Your juicer and blender break down the chloroplast membranes where K1 is locked in. They release it for absorption.
LARGE amounts & LIVE, that’s the secret of my slogan: Clean & Feed with Green to Heal 🙂
Second Anecdotal Study Questions the Research
It’s fascinating. As soon as blenders hit the US domestic market in the 1930’s, a natural hygiene (raw vegan) medical doctor, Dr. Christopher Gian-Cursio, discovered that vegans need blended leafy greens for their teeth and bones!
Dr. Cursio worked in upstate New York with the vegan Penepent family over several generations. He discovered in the children that, by giving them blended leafy greens, he reversed teeth and skeletal problems.
In a 1976 interview with Dr. Stanley Bass, Dr. Cursio reports:
“Then I made my shift into more green stuff, blended salads early. I saw the difference. The children were better. Instead of pigeon-chested or chicken-chested, they were fine-chested. … I don’t think there’s a dental carie in the whole group.
We have here problems that came up in the children when I followed the strict fruit program with nuts, and minimal amounts, compared to what I use now, of green stuff.
These children, the skeletal development wasn’t right, the dental arches were not well-formed, teeth came in crowded because of it.
It was only after adding green stuff that I started to see in the pregnancies that followed, and also in the children that were grown, that came from these pregnancies, the difference.”
Pigeon-chested means they had skeletal deformity, so long as they were vegan WITHOUT blended greens. When they ate blended leafy greens, their bones healed and grew normally.
The 2002 McKeown study says it’s impossible. They claim you absorb a maximum of 200 mcg a day of K1 from food, at which point blood levels plateau. So even if you eat blended salads, you don’t absorb more than 200 mcg of K1 from them. Therefore you can’t get enough K1 to convert to K2.
Dr. Masterjohn uses this study to conclude: “we cannot support our skeletal system with vitamin K1 regardless of how efficiently we may be able to convert it to vitamin K2.”
I DISAGREE. I say, swamp your body with K1 and ALL its cofactors that accompany it in a living green leaf. Carboxylase will use it in the absence of K2. Who knows, perhaps your body doesn’t even waste energy on converting K1 to K2? Since K1 is just as good as K2 at switching carboxylase on.
Your body is INTELLIGENT. If a metabolic pathway does not work, it will find another way to do the same thing. All biochemists know this. If you don’t eat enough unsaturated fat to fill all the positions in your cell membranes, your body will use saturated fat instead.
In 2003 Braam et al. gave K1 supplements of 1 mg/day (1,000 mcg) to women aged 50 to 60. It “retarded postmenopausal bone loss by 35-40% during the entire three-year study period.”
At 10% absorption, and a 10:1 conversion rate of K1 to K2, their 1 mg of K1 gives only 10 mcg of K2/day. Not enough to activate osteocalcin. Yet it’s obvious the osteocalcin WAS being activated!
Granted it was a supplement, and the other research refers to food. I still say it’s proof that K1 goes a lot further than the scientists say it can.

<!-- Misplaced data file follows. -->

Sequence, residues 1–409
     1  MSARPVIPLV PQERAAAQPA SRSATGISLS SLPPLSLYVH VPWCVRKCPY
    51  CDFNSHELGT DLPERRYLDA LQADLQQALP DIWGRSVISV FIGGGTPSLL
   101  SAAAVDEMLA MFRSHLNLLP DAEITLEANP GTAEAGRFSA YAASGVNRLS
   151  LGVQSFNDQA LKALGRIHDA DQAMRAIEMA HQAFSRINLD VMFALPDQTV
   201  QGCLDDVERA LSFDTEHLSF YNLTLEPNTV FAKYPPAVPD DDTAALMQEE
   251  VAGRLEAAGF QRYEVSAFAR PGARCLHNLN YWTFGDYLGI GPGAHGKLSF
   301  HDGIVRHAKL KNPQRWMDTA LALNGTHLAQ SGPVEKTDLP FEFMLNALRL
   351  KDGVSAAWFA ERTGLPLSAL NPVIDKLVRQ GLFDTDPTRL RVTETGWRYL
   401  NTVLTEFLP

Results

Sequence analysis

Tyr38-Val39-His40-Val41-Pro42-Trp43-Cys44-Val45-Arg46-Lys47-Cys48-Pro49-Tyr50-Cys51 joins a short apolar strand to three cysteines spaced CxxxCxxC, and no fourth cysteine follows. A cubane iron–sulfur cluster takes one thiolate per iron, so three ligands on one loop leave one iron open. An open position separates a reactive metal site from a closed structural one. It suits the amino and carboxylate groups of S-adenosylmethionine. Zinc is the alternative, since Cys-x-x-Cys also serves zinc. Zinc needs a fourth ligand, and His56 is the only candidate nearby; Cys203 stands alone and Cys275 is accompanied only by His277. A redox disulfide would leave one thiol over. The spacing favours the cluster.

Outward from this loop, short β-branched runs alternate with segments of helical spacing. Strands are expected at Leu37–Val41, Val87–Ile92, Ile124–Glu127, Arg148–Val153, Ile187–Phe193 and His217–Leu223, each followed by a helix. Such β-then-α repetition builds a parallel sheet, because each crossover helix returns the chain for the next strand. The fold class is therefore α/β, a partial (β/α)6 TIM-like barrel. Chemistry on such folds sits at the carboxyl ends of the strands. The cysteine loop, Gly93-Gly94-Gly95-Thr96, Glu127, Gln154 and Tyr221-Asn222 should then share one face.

Dr. Cursio’s multi-generational vegan patients, and myself, prove that leafy greens (K1) build strong bones and teeth.We are living proof that the body converts K1 into enough K2 (or uses K1 itself) to whip osteocalcin into action — so that it deposits calcium into bones and teeth.
When researchers claim you can’t do it, I reply: “next time study LIVING greens.”
Animals prove to us you can do it. Most animals are thriving on a high leafy-green diet — unless you’re a polar bear, arctic fox, or tropical big cat.
I bet those lions chew on grass just like my cat Peaches!
Food Sources of Vitamin K1
The message is clear. Blend, juice, or steam a big quantity of leafy greens daily. You already know you must do that for vitamin A. Salads won’t work, you’d be chewing for hours!
Davis & Melina recommend you eat 600 grams of leafy greens a day. That’s 21 oz, say 1-1/3 lbs. Dr. Joel Fuhrman says a pound a day. And Victoria Boutenko advises on her DVD Greens Can Save Your Life to eat two big bunches a day, which weigh a lot more than a pound!
You can eat this much only when you blend, juice, or cook them.
I find it impossible to eat so many greens! My average is 300g a day. All my greens are ALIVE when I eat them, so I absorb a lot more. It’s not what you eat, it’s what you absorb.
Remember that K1 is tightly bound to the leaf’s chloroplast membrane. It’s not very bio-available. When you break the membrane — by juicing, blending, steaming, or fermenting — you set the K1 free.
You recall that fat helps with absorption? You absorb 5% of the K1 in cooked spinach. When you add fat to the spinach, it goes up to 13%. The K1 dissolves into the fat.
|Leafy Green||Vitamin K1 in mcg|
|Green powders (1 tsp)||95+|
|Lettuce, red leaf||39|
Dandelion greens contain 778.4 mcg per 100g (3.5 oz) — that’s 741% of the daily K1 you need.
This chart convinced me to eat a lot more amaranth leaves! Amaranth is so easy to grow as micro-greens in an indoor Sprouter, or outside in your garden into bigger leaves. They taste just like amaranth 🙂 They don’t have the strong taste of parsley or mustard.
Amaranth grain sprouts are the most vile tasting sprouts on earth! Imho. I’ve yet to meet someone who enjoys them. But as leafy greens, they’re quite sweet, especially when young.